The arrival of a new baby into the home can bring so many emotions, including joy, anticipation, worry, and delight. These emotions may stem from realizing that as parents, keeping the newborn safe, alive, and well-cared for is essential. Parents will monitor a new baby’s growth; they will watch how much a new one eats or sleeps, or even coo’s and cries. Each of these actions can produce a reaction on the part of the caregiver. Infants rely on their caregivers to provide so much of their daily care. This is a time when the attachment bond is securely formed. A child who cries and their needs are met will learn to rely on someone to provide for their needs.
Infants are discovering movement through head control and noticing their hands and fingers. As they grow, they learn to roll over, sit up, and eventually crawl. Brain development is efficiently creating neural pathways that are critical windows of opportunity. As parents take the time to talk to their babies, this enhances the brain’s development. A child hearing more words in the first years of life benefits the child when they begin school.
A few great ways to engage with your infant in the early stages of development include:
Talking and reading to your baby.
Repeating your words and responding to the baby talk and sounds your infant makes will provide reassurance to your little one.
Give lots of attention and stimulation to your baby.
When they begin noticing their hands and fingers, be sure to provide toys and sound makers that will encourage their use of their newfound hands.
Keep the baby safe by taking a close look at the environment and removing any hazards that could be potential trouble.
Children are naturally curious and will put most items in their mouth. Be sure to check for small items that could cause a choking hazard and remove those toys.
Wash and clean mouthed toys often.
Most of all, show love and affection to your baby and enjoy this stage of development.
For additional information on your child’s growth and development, please explore a free series of electronic newsletters delivered to your email inbox based on your child’s birthday. They are called the Just In Time Parenting newsletters. Delivered once a month, the newsletter is filled with information about what you can expect of your child’s development, tips for how you can support your babies growth and progress toward their next milestones, tips for handling those common challenging moments, and some great suggestions for you, as a parent, to practice self-care.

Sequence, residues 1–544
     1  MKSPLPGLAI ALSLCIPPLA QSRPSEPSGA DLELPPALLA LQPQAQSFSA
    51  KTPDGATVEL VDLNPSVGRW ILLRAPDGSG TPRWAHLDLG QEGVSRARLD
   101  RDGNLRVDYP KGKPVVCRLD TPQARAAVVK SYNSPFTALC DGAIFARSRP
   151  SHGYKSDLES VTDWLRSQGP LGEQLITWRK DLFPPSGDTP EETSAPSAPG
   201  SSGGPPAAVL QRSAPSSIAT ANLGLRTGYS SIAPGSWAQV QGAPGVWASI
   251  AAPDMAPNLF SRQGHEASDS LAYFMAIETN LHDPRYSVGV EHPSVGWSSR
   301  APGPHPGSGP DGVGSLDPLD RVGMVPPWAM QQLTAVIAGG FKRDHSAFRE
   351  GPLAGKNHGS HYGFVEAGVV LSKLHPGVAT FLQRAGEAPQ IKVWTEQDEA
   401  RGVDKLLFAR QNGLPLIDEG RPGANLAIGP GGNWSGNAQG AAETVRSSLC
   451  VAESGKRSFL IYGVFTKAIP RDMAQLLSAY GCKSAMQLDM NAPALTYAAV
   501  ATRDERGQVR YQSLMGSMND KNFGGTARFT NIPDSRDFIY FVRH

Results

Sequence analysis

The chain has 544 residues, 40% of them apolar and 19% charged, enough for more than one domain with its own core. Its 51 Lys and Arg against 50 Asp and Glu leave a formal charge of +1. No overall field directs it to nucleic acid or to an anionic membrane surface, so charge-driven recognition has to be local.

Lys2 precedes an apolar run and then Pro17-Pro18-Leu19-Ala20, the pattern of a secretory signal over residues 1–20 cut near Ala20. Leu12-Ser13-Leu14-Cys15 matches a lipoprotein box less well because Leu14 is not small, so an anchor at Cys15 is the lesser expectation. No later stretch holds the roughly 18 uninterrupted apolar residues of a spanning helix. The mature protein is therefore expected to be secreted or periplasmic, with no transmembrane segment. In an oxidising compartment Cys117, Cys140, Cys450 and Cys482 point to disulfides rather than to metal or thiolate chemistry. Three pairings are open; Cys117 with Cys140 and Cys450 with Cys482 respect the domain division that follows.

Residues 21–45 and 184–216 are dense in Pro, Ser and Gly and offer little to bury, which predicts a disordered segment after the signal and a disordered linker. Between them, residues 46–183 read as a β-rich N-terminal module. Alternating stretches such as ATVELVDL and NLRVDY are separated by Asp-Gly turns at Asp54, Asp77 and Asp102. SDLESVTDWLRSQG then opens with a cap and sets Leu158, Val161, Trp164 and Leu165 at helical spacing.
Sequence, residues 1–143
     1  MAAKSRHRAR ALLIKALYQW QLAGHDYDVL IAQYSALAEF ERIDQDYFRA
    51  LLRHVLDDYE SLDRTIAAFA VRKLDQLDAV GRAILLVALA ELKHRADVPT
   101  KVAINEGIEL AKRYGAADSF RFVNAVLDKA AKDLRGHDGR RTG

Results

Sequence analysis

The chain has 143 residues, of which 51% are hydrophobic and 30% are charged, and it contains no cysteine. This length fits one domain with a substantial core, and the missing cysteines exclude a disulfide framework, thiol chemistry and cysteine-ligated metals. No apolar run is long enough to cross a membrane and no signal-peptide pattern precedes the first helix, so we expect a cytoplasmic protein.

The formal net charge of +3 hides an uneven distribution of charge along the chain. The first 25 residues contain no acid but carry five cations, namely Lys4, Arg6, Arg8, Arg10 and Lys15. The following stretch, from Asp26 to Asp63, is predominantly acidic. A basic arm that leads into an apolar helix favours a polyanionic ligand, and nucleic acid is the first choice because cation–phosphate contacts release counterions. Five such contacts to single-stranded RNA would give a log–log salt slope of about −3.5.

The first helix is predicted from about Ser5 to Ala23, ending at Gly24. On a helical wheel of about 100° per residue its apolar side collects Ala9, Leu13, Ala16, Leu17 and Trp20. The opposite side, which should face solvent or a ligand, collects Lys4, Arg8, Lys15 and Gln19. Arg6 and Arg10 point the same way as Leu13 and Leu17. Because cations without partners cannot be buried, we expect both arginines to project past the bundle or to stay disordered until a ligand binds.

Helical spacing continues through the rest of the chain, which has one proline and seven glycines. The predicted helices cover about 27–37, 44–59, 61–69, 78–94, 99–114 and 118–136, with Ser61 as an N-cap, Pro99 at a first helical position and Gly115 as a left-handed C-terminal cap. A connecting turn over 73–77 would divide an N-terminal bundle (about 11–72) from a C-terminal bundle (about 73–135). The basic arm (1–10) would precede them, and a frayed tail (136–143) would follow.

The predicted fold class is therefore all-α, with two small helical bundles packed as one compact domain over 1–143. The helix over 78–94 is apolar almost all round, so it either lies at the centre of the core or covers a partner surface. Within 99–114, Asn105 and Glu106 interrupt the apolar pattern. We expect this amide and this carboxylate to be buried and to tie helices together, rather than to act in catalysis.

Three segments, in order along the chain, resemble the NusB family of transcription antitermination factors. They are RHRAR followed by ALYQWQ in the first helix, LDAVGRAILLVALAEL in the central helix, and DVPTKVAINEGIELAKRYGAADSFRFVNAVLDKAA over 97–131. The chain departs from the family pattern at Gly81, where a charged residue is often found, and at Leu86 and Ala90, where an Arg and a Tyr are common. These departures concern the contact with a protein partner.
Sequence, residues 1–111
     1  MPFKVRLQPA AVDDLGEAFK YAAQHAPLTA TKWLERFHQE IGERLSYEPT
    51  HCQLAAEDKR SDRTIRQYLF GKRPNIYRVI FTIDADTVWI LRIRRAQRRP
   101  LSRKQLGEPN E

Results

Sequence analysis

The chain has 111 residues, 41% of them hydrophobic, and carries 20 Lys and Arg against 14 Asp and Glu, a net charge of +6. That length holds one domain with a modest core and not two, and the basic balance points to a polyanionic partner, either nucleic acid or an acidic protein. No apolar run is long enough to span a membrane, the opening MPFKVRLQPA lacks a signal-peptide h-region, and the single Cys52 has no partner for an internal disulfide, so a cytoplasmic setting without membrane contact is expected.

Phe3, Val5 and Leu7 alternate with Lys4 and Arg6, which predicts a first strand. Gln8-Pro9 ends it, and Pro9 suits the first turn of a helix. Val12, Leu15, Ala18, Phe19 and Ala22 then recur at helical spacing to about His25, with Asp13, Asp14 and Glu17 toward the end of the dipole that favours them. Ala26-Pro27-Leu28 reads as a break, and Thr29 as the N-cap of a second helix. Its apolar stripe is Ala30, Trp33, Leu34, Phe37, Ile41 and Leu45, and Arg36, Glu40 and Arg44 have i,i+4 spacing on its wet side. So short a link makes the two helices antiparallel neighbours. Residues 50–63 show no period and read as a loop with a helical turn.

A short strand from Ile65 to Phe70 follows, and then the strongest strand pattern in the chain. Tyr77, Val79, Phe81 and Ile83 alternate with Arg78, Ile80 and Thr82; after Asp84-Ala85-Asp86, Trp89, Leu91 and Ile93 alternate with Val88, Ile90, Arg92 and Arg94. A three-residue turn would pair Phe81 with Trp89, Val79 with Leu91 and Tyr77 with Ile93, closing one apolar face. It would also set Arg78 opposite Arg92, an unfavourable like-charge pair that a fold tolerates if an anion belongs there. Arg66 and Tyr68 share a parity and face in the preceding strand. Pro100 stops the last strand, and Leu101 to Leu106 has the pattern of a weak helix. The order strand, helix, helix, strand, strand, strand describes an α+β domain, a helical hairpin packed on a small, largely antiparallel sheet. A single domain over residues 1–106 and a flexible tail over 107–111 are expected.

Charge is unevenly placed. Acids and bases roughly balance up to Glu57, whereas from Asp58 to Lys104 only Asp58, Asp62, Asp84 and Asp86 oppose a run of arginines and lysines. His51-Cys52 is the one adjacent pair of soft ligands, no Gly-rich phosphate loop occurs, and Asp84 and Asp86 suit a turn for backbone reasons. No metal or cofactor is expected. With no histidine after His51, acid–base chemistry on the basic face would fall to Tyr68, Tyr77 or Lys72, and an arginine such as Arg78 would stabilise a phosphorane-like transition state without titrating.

With two earned degrees from Iowa State University, Barb is a Human Sciences Specialist utilizing her experience working alongside communities to develop strong youth and families! With humor and compassion, she enjoys teaching, listening and learning to learn!
It’s been a while since my kidos were babies. Lucky for my offspring, smart phones had yet to be invented and my bag cellphone had a 30 minute limit! The technological distractions for parents of young children has exploded. Certainly it is as important now as ever to connect to with babies not only verbally but with eye contact and touch. I’ve seen some parents who easily communicate with their babies and others who feel silly and awkward. One technique that I remember using was what I’ll call the “tour guide” . Babies are seeing the world through completely new eyes. Parents can describe and converse with their babies over almost anything that they see, hear, touch, taste, or feel! I can remember some pretty strange looks in the grocery store, as I talked my way through the aisles in conversation with my than youngsters. The more talk that goes on…the more natural it becomes. The awkwardness soon fades..but hopefully some of the silliness stays!
Janet Smith is a Human Science Specialist-Family LIfe with Iowa State University Extension and Outreach. She currently provides family life programming in eight counties in southeast Iowa. Janet is a "parenting survivor". She is the mother of Jared-21, Hannah-20, and Cole-15. She and her husband, David have faced many challenges together, including their son Jared's Duchenne Muscular Dystrophy diagnosis.
It seems inevitable: People see babies and immediately start talking to them in a high pitched voice, exaggerating their vowel sounds. But there’s a good reason for this behavior. Child development experts call this musical way of talking ‘parentese,’ and more and more researchers are telling us how important it is to infants’ development and future success in learning.
Whether you call it parentese or baby talk, research shows that the more parents talks to their babies face to face, the more words the children will know by the time they reach age 3 and there just is something special with face-to-face communication.
Join us this month as we shut off the television, put away the smartphones and iPads and talk.
Mother of three. Lover of all things child development related. Fascinated by temperament and brain development. Professional background with families, child care providers, teachers and community service entities.